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Family business Mel Wacker Signs overcomes economy

staff Published: May 1, 2010 4:28 PM
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Mel Wacker Signs began with an adventurous spirit -- the kind of entrepreneurial gusto that concerned Bonnie Maier's mother, Jewel Wacker.

After 35 years of business and a move into an official building, Bonnie Maier, who is now the president of the company, said her father's attitude must be "contagious" because as the effects of the economy have filtered into the business, she and the staff have been diversifying services and products the company offers.

"The economy has me scared and I'm not afraid to say that," Bonnie Maier said. "If Dad could do anything, we can try to do it too. He was always ready to try something new. He never said 'no' to people."

Mel Wacker's attitude won the company long-term business, with several early accounts still purchasing signs today.

"It's come a long way. It's all through God, who is blessing us,'' Bonnie Maier said.

Rising disapproval of government decisions, however, has given Mel Wacker a new source of business. Office manager Deanna Maier said she's seen more people purchase Gadsen flags with the famous "Don't Tread on Me" slogan for tea parties in the last six months.

"They're tired of the government telling them what to do," Bonnie Maier said.

It used to be that people purchased them merely for historical pieces, but

Deanna said she believes it has a truer meaning now.

By offering different services, Bonnie Maier and Deanna Maier hope that while one area of the business may be down, the success of others will balance out the rest.

"It's just adding another dimension to the store," Deanna Maier said.

Now Mel Wacker Signs sells flags and all accessories imaginable, large crosses that hang outside church buildings, customized vehicle lettering, illuminated signs, neon signs, single-letter designs, patriotic jewelry and Tuslaw school wares. The business also sells and installs flag poles up to 80 feet tall.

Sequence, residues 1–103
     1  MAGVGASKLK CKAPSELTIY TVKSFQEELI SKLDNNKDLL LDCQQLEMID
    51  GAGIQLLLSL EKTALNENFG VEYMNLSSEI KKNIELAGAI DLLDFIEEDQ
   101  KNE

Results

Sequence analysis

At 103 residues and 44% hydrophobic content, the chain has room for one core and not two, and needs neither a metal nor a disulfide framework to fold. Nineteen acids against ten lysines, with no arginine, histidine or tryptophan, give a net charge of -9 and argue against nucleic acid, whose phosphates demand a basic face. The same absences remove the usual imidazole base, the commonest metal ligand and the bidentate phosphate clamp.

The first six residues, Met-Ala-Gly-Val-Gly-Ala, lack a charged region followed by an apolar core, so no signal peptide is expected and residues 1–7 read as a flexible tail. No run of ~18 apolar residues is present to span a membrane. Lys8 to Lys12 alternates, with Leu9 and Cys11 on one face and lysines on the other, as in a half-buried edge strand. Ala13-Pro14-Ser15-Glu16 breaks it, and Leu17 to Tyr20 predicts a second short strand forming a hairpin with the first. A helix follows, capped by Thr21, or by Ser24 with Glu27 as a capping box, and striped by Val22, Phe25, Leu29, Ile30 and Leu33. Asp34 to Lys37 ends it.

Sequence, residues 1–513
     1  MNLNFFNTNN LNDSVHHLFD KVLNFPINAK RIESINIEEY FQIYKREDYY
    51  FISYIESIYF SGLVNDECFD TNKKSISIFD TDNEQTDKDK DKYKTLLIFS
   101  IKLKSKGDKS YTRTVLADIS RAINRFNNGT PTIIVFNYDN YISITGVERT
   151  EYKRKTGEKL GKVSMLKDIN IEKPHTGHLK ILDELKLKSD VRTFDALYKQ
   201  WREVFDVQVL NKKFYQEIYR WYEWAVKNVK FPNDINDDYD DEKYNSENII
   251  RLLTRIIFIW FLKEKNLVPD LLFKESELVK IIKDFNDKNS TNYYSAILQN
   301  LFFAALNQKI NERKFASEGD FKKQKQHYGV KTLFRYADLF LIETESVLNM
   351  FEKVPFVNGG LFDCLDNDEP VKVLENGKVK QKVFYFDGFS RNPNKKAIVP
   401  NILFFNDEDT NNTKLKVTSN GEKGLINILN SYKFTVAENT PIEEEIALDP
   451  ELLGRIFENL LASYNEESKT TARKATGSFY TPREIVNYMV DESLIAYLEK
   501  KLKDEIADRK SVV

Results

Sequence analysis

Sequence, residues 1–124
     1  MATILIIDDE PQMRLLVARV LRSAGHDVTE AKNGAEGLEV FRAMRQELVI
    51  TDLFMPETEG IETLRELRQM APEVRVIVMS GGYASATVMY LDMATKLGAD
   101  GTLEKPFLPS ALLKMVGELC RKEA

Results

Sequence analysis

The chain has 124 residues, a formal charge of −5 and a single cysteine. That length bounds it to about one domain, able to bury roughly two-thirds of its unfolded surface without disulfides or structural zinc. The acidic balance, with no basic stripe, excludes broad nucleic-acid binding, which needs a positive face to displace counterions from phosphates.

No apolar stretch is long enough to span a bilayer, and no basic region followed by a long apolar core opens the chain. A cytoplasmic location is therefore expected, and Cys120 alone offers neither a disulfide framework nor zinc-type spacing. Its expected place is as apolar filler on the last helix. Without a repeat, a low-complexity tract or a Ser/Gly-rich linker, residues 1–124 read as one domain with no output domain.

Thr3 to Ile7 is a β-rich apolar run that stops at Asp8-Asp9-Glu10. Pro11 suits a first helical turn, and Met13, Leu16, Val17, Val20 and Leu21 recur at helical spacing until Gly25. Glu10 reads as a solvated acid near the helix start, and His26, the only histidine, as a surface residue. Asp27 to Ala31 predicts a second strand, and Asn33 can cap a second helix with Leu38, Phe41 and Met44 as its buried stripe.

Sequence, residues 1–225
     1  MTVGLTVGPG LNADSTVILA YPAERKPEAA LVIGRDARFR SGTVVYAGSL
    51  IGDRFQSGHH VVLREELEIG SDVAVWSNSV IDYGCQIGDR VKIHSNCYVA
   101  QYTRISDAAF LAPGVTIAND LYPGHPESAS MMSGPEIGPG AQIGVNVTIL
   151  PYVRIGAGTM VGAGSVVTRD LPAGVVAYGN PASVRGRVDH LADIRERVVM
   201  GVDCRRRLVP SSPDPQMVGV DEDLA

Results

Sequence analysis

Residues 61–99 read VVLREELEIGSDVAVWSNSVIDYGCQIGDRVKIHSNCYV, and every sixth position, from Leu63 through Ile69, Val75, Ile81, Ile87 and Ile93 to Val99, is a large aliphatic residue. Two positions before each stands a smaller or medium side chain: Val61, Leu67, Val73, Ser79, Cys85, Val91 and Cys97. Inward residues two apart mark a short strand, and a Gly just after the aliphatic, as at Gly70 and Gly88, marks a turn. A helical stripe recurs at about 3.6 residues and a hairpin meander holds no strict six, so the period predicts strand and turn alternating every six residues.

Bonnie Maier said her mother once wondered where her husband and founder Mel Wacker would find enough money to feed his family with such a small operation. The small, family owned business started as a sign shop run from a single truck and some extra cabinet space inside the Wacker home at a time when design drafts were sketched out over a week's time and hand-painted.

The business stayed in the family, with Bonnie taking over, her son Rod Maier working as shop foreman and her daughter Deanna as office manager.

Selling signs wasn't the only aspect of the business for long. When Jewel Wacker couldn't find a flag to display in her home, she decided she would start selling them herself and incorporated it into Mel Wacker Signs. Maier said in the late 1970s people weren't flocking to Wal-Mart for all their needs, they were able to supply the area with flags.

Mel Wacker Signs is located on 13076 Barrs SW (SR 93), Massillon, OH 44647, 330-832-1726 or 800-765-8163, fax 330-832-1666, http://www.wackersigns.com; hours: weekdays 8 a.m.-noon,

1-4:30 p.m.

Etiquette for the national flag

*Never display the flag upside-down unless as a distress signal.

*Never carry the flag flat or horizontally.

*Give the flag respect, never using it for advertising or embroidering it on household items or clothing.

*If displaying multi-national flags, place the U.S. flag first, followed by the other flags at equal height and in alphabetical order.

*If displayed on a lapel pin, it should be worn on the left lapel, near the heart.

*If among state or other subordinate flags, the U.S. flag should be displayed at the center and at the highest point.

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